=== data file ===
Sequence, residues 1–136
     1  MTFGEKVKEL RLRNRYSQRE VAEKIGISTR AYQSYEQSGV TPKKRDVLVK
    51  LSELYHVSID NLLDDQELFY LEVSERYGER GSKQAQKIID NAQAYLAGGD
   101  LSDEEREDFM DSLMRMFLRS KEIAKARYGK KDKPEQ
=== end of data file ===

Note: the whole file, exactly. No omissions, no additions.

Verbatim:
Sequence, residues 1–136
     1  MTFGEKVKEL RLRNRYSQRE VAEKIGISTR AYQSYEQSGV TPKKRDVLVK
    51  LSELYHVSID NLLDDQELFY LEVSERYGER GSKQAQKIID NAQAYLAGGD
   101  LSDEEREDFM DSLMRMFLRS KEIAKARYGK KDKPEQ